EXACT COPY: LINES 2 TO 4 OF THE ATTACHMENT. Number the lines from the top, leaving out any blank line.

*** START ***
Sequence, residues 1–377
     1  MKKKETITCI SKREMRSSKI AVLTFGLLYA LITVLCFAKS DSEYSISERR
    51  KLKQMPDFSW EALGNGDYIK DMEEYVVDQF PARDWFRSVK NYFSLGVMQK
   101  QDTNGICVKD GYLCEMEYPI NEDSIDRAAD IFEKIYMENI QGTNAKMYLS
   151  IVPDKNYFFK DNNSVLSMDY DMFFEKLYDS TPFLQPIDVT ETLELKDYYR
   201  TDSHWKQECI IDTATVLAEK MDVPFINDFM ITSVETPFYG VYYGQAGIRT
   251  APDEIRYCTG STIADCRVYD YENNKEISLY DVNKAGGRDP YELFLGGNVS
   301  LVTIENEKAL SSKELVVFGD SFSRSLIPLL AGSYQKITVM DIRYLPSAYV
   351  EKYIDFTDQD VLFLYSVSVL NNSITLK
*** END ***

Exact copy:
     1  MKKKETITCI SKREMRSSKI AVLTFGLLYA LITVLCFAKS DSEYSISERR
    51  KLKQMPDFSW EALGNGDYIK DMEEYVVDQF PARDWFRSVK NYFSLGVMQK
   101  QDTNGICVKD GYLCEMEYPI NEDSIDRAAD IFEKIYMENI QGTNAKMYLS